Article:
I know many real estate note investors wonder if using a servicer is worth the monthly fee. After all, if we could do it ourselves that would keep more money in our pockets and improve our ROI.
Let’s take a look at what loan servicers do and see how much you’d like to take on yourself.
First of all is the simple collection of the principal and interest payments. One advantage of having a servicer receive the payments is it forces the borrower to deal with the servicer instead of you. With a small number of notes you may be willing to contact the borrower who gets behind. If you’ve had rental properties you understand how much time that can take. As your portfolio grows this can turn into another part-time job for you.
Unlike talking with a renter, there is specific language you must use when talking with a borrower. Federal regulations are quite exact in the script that must let the borrower know that you are a debt collector and are trying to collect a debt. This also applies if you send a notice by mail or email.
Furthermore, since each state has its own regulations dealing with foreclosure timelines, you need to know how many days they have to be late before you can contact them. Is it three days? Ten? Don’t get it wrong or you may get a nasty call from an attorney.
Another federal regulation you need to follow is letting the borrower know that the servicing of their note has transferred to you. You need quite a bit of information about the loan and the borrower to fill out the letter correctly. The old servicer will also have to send a similar letter to the borrower stating that they will no longer be collecting payments. There is a specific timetable to adhere to when sending these hello and goodbye letters.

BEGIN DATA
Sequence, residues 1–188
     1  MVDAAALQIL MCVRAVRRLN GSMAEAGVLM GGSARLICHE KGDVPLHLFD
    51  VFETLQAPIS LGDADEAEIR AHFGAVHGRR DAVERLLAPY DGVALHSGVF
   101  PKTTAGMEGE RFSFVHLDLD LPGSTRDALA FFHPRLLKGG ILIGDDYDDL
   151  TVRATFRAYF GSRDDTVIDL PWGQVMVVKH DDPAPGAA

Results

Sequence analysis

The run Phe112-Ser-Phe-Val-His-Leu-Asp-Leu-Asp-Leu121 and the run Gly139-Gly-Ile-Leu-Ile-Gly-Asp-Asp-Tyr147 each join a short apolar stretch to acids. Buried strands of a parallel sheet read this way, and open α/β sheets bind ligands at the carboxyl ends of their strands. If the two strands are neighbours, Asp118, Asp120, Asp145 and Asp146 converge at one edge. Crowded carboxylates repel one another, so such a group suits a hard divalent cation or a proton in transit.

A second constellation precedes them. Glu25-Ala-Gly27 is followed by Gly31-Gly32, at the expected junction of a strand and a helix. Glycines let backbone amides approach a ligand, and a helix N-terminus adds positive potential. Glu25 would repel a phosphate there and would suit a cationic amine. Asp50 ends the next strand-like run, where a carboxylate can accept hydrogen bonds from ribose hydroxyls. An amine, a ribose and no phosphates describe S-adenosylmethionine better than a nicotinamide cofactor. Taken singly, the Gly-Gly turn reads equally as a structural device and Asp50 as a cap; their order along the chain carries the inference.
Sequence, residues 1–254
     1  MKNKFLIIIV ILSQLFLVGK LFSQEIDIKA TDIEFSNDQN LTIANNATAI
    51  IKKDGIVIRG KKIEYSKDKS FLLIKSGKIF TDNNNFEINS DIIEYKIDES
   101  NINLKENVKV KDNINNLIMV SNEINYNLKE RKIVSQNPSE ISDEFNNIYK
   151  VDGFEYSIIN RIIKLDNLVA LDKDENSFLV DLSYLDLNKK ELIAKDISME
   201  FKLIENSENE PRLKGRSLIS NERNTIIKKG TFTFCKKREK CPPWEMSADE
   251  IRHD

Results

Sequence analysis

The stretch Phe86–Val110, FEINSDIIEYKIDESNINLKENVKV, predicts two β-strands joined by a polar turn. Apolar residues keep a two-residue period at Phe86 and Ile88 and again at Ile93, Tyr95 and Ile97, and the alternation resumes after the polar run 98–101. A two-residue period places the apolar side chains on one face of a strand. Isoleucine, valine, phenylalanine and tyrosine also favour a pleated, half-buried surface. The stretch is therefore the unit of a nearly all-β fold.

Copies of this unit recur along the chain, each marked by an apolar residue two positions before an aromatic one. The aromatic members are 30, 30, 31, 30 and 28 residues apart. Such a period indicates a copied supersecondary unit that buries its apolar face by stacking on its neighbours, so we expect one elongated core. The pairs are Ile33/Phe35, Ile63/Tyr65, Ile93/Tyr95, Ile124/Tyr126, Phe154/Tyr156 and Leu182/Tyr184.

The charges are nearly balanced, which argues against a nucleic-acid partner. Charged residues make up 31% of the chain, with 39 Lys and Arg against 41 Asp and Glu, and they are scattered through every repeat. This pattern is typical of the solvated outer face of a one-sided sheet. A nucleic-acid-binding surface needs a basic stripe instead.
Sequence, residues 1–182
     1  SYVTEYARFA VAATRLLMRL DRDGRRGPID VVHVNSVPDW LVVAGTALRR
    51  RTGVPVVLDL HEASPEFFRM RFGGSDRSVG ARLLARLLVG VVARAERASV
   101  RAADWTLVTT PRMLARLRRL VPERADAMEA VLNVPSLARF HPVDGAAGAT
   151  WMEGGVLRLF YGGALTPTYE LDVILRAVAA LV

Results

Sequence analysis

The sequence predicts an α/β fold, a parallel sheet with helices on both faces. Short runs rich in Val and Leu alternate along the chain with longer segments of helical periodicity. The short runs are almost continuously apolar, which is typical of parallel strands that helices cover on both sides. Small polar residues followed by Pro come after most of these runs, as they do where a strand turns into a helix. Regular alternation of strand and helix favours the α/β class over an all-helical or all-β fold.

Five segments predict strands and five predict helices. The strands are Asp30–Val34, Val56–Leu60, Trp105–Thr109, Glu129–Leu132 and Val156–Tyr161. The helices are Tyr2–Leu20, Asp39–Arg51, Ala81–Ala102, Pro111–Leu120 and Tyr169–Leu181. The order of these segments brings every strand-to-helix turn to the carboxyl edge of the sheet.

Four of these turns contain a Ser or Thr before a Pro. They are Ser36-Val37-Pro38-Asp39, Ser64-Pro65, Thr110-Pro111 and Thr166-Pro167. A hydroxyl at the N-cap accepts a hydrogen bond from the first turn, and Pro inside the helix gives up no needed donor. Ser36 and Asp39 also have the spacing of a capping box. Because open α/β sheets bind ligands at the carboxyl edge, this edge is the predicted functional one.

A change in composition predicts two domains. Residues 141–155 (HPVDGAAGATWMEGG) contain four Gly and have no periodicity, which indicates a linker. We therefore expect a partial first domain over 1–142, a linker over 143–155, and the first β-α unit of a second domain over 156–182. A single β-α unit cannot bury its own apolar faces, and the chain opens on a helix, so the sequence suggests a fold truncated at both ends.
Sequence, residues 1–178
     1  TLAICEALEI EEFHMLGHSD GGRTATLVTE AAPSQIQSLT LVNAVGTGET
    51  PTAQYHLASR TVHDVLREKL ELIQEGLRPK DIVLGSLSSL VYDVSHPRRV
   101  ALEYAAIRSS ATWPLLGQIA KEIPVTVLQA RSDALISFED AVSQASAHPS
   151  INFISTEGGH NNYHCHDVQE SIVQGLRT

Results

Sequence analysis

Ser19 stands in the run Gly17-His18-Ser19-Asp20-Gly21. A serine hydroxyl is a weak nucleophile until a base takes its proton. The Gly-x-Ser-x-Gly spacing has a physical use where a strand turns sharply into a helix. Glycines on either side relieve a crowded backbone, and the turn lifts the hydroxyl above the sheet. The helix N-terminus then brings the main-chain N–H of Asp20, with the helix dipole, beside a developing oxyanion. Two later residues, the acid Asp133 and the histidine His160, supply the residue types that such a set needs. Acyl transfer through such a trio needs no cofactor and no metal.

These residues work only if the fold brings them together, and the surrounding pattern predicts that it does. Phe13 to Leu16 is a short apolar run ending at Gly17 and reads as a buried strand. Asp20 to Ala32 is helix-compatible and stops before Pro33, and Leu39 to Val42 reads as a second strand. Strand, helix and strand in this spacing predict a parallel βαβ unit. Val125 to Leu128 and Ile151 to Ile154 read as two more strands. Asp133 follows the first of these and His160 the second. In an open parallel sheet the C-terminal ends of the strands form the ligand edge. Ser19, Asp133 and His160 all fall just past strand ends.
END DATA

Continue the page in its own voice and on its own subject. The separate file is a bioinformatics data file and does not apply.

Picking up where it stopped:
Besides principal and interest payments, many notes have a section that delineates escrow payments for taxes, and sometimes, insurance. If the borrower is sending these payments to you, you are responsible for putting these into a separate account and then paying the property taxes to the county and the policy payments to the insurer. You definitely don’t want those to go into arrears. And if the escrow accounts receive any interest, does the money go to the borrower, or can you keep it? Time for more due diligence.
Another service you must perform if you are the servicer is to send out tax forms at the end of the year. You will need to send each borrower a 1099-INT showing how much interest she paid and you’ll need to file a 1098 to show how much interest you received.
One last bit of oversight you might want to give up is making sure that the hazard insurance payments have been paid and that the taxes are up to date. A servicer can watch these for you and set you up with forced place insurance to cover you if your borrower has let their policy lapse. The servicer will add the price of your insurance to their bill, so eventually you should get that money back.
In conclusion, you can definitely take on all the tasks a servicer will cover for you if you’re willing to commit the time to it and learn all you need to do to stay compliant with all the regulations. Personally, I’ll gladly pay out a nominal fee to a servicer.